We all know that life is not in black and white, nor is Project Management. Experienced Project Managers know when and how to adapt the project management tools and techniques so that they can help the most, are relevant, and add value to their projects and organizations. This presentation advocates for using Agile practices, even in waterfall projects, and gives examples from real life situations where specific practices were successfully used. The advantages and possible setbacks will be illustrated and discussed with the audience.
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This webinar aims to help end users understand how data projects different from other IT project. Identify common pitfalls and how agile practices and domain knowledge can help to drive and deliver data analytics projects successfully. Introduce industry standards and explain why we have to implement and use multiple technical and management frameworks and show the benefits of using them on a daily basis. Provide some useful insights that will make planning and estimation easier and deliver value to the business and the end user.
Per the Agile Business Consortium, business agility allows businesses to adapt quickly to market changes; respond rapidly and flexibly to customer demands; adapt and lead change in a productive and cost-effective way without compromising quality; and continuously be at a competitive advantage. The primary reason for moving to Agile is to achieve faster business value and keep you ahead of the competition. Agile is built for change - fundamentally, it is about creating Business Agility. It enables the enterprise to deliver projects more efficiently, with relentless focus on business value and providing the highest return on investment. Whether it is a software project, a new service offering or a new product, Agile’s twelve principles and three pillars (transparency, inspection, adaptation) are designed to reduce money spent on undesirable or unusable features which were built based on outdated requirements.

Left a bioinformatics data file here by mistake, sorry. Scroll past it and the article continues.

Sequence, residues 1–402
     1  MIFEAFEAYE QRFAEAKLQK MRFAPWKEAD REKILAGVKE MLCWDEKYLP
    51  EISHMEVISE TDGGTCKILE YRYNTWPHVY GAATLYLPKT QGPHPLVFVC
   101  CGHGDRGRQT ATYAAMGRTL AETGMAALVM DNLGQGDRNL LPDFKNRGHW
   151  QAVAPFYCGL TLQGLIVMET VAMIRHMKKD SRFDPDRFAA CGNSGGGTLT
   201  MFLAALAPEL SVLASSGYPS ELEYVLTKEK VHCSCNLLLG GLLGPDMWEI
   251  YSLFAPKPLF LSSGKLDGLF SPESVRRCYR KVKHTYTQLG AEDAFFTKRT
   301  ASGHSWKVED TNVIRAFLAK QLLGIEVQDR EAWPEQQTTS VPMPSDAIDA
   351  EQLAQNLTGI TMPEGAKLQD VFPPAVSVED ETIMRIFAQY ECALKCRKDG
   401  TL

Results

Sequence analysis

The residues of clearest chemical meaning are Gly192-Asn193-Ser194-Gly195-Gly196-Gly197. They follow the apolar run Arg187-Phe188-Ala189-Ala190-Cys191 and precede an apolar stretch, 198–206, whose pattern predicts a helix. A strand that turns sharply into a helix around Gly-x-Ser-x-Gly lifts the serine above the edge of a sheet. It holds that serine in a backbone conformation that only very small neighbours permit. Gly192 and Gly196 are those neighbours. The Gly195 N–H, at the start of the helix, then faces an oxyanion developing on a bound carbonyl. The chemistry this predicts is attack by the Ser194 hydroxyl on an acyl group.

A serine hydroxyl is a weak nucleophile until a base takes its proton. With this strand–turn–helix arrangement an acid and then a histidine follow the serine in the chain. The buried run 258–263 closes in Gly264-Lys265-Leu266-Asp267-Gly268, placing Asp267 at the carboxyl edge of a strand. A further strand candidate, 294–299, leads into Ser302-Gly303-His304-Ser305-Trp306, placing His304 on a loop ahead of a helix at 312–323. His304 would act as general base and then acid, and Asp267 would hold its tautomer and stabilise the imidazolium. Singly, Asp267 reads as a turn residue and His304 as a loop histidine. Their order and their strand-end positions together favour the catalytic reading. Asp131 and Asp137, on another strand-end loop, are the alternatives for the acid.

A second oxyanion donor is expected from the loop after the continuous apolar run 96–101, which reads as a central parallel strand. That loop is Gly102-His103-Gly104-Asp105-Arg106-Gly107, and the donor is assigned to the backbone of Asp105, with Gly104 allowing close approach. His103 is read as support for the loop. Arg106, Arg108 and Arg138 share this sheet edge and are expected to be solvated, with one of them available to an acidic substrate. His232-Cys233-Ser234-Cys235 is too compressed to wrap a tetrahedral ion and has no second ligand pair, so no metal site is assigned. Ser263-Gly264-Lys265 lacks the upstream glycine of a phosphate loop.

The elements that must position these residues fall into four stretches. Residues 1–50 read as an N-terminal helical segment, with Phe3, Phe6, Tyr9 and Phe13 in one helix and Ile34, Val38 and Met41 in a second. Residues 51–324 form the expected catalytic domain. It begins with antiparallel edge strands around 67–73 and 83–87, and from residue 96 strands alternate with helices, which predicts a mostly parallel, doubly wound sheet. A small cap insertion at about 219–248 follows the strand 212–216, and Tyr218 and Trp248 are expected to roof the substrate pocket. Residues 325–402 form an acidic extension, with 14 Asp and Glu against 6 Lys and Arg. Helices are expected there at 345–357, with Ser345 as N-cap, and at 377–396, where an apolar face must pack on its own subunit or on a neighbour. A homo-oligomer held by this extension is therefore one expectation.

Your organization is on the path towards greater agility. All aspects of an organization can benefit from greater agility, and this includes your approach to human resources. Your approach to appraisals, the relationships that project managers have with other team members, the way that you recruit, and even the way that you refer to people all change in an agile manner. In this webinar PMI’s Scott Ambler interviews Pierre Neis, Agile HR and Agile Transformation expert.
In this installment of the Discover PMI – Ask Us Anything Series, we will provide an overview of Agile Insights: Everything You Ever Wanted to Know About Agile at PMI. Agile, agile everywhere. It’s a buzzword. It’s a mindset. It’s a framework. Or is it? Dig into what’s happening in different industries and around the globe with respect to agile approaches and practices, successes and challenges. And what is PMI’s position on agile? Spend some time with PMI staff who think about agile all day, every day. Hear what’s new, what’s hot and what’s next, plus ask those burning agile questions.
A.G.I.L.E. L.E.A.D.E.R.S.H.I.P. with a G.R.I.P.: A Practical and Modern Leadership and Management Behavior Framework - RESCHEDULED
Learn world-class leadership behaviors and management best practices that demonstrate the strategic and business management, technical management, and leadership competencies of PMI Talent Triangle™.
When the enterprise is compelled to be adaptive, who is supposed to orchestrate an agile way of working? Enter the Agile Portfolio Manager.
How are processes developed today and where does the customer fall within your processes? Is the customer simply a participant in your internal processes, or is her desired outcome your focus? Do you use automation to facilitate design and adherence? What about collaboration with the employees who know the processes the best; those performing the work? In this video lecture, we describe Agile Process Design and why this approach is important to both Project Managers (part of the deliverables) and Business Analysts (focus on needs). Explicit approaches will be highlighted in this webinar, including examples of how processes are designed in an agile way.
Product management is often a murky role: poorly understood and inconsistently practiced across tech companies – and often confused with program and project management. Yet done well, product management is a driver of market success and effective development.
Agile Project Management requires some additional skills to be possessed by an Agile Project Manager. It does not only involve managerial skills but also requires more team-oriented and leadership skills. Agile Development is a value-driven model with focus on outcomes unlike traditional approaches which are plan-driven in nature and based on output. At the same time, the centripetal force for success of the agile-based project is the agile team which executes it. It also requires additional skills in terms of adaptability, self-organization and motivation to continuously improve.